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Analytics/Big Data

Cable Embraces Big Data

WASHINGTON, D.C. -- The Cable Show -- The cable industry is sitting on a treasure trove of Big Data in the form of customer and network information and data from set-top boxes and other client devices. It's taken years, however, to understand how all of that information can and should be applied. At the Cable Show, new exhibitors and a long list of conference sessions are focusing on how Big Data can affect the bottom line, from marketing and advertising opportunities, to content licensing negotiations, to customer churn and network planning strategies. Set-top data gets sexy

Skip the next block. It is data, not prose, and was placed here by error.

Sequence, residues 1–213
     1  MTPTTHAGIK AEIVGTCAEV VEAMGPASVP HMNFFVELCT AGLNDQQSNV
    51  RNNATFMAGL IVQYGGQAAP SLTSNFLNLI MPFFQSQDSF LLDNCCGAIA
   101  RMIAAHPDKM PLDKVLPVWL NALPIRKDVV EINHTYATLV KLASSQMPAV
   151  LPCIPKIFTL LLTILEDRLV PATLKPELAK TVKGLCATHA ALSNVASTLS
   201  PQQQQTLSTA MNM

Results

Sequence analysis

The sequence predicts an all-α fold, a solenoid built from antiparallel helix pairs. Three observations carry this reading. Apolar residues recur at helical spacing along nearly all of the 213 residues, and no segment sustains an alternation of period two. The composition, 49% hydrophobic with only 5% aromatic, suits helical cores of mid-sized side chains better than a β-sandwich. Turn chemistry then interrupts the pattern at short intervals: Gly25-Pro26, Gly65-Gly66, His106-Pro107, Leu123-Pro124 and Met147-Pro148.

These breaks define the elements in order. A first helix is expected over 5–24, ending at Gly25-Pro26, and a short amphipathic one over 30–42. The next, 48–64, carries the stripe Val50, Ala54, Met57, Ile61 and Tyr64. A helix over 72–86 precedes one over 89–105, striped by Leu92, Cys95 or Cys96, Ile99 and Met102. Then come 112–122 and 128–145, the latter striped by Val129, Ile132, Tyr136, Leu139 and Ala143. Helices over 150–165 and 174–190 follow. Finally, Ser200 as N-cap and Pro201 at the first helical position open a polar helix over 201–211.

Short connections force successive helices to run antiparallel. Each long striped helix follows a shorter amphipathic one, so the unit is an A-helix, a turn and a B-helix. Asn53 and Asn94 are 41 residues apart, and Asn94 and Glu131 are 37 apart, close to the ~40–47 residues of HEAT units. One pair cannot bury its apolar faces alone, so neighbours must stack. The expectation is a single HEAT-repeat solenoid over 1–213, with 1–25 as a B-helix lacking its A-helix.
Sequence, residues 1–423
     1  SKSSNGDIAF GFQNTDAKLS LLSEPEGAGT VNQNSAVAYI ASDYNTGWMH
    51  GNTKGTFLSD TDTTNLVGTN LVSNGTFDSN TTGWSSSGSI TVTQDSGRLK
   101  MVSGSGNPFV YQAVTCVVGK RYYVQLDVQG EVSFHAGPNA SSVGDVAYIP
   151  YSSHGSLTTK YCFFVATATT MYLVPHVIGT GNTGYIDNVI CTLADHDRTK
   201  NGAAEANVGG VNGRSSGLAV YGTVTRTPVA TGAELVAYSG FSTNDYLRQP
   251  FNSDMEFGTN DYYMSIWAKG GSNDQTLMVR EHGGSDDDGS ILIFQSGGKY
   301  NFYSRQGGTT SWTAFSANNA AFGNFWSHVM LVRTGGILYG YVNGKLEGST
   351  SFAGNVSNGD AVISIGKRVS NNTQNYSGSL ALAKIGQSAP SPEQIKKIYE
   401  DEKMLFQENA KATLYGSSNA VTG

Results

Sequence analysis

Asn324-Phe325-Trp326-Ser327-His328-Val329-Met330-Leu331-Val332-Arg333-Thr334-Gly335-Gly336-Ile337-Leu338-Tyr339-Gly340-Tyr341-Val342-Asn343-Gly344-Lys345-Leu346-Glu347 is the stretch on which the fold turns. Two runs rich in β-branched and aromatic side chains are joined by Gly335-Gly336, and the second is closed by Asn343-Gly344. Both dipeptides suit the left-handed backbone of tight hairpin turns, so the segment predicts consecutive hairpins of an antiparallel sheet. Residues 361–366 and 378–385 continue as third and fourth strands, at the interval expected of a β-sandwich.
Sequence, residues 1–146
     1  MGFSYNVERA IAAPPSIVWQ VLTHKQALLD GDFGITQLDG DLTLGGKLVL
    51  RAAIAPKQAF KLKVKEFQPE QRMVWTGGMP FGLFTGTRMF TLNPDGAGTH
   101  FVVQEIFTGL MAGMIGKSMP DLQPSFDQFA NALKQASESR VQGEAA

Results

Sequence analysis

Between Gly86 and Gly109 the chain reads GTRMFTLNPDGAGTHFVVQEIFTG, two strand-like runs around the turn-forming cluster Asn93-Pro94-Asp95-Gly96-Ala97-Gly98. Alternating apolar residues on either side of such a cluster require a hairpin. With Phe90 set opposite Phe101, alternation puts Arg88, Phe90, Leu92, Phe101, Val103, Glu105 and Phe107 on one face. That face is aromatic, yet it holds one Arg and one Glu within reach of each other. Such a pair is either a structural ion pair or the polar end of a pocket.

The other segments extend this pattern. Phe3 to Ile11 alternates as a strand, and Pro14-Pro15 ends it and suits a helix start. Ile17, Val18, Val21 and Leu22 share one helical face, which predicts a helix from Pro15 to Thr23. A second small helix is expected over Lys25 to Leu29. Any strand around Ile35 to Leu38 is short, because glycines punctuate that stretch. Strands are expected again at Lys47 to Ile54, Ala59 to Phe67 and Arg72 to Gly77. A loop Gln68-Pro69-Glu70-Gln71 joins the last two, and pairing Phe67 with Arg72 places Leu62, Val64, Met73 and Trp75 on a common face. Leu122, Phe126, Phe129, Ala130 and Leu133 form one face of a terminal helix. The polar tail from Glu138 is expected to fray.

TV set-top data -- and what companies can do with detailed audience metrics -- is a hot topic both inside and outside the cable industry. Viewership data promises new revenue streams from targeted advertising sales and the development of customized and personalized content services. Because of its potential value, more and more companies are diving into the set-top analytics business and developing new solutions for the cable market. However, while cable enthusiasm is running high, there's still the tricky issue of consumer privacy for MSOs. Strict regulations govern what information cable companies can track, and how they can manipulate user data to make more money. Of course, that's an issue at the top of every meeting agenda at all sorts of companies, not just communications service providers, following the Prism program revelations. (See Prism in a Big Data World.) "That's still very much a concern," says Patty Hager, solution architect manager with business analytics company SAS. "What we're chatting with clients about is taking the information and looking at … what segment does this consumer fall into?” In other words, Hager is looking at targeting groups of consumers, rather than individuals, to mitigate concerns about privacy. SAS is one of the new participants at the Cable Show this year. Hager says the company has attended the show before, but has never exhibited. While SAS has worked with cable companies for decades, it has focused primarily on billing data to help operators reduce churn. New sources of data, and new opportunities for data analysis, are what drove SAS to plan for a bigger presence at this year's conference. In the near term, Hager says SAS is aiming to help cable operators to use viewership data for marketing and sales purposes, as well as a tool in content licensing negotiations. The bulk of MSO video costs are tied up in programming fees, and those fees are determined, at least in part, by Nielsen ratings that indicate how popular a network's shows are. With detailed viewing data, service providers could bring their own metrics to the negotiating table to try to reduce content costs. Verizon Communications Inc. has reportedly already approached small and mid-size media companies with the idea of matching licensing fees to set-top-based viewing data. (See Virgin Plugs Concurrent Into Its CDN.) Hager doesn't think a wholesale shift will occur anytime soon, but that doesn't mean the data won't still prove valuable. "The Nielsen factor is just part of the DNA of that whole process, right?” he says. But service providers "can capitalize on their own goldmine of data assets and use that as a tool in that negotiation process." SAS is far from the only company with set-top data ambitions. Several familiar names have been vocal recently about collecting set-top data and putting it to effective use. FourthWall Media Inc. launched its MassiveData viewer index in 2012, and now claims to pull information from 1.8 million cable set-tops, reaching 4.7 million cable viewers. TiVo Inc.'s Research and Analytics unit (TRA) tracks set-top data from 48,000 TiVo households and combines it with survey data revealing viewer attitudes and purchasing intent. (See FourthWall Nips at Nielsen and TiVo Goes 'Psychographic'.) And, just last week, Rovi Corp. announced a new Audience Management Solution, which analyzes "aggregated and anonymous return path data from millions of devices in the field today." Big Data drives big savings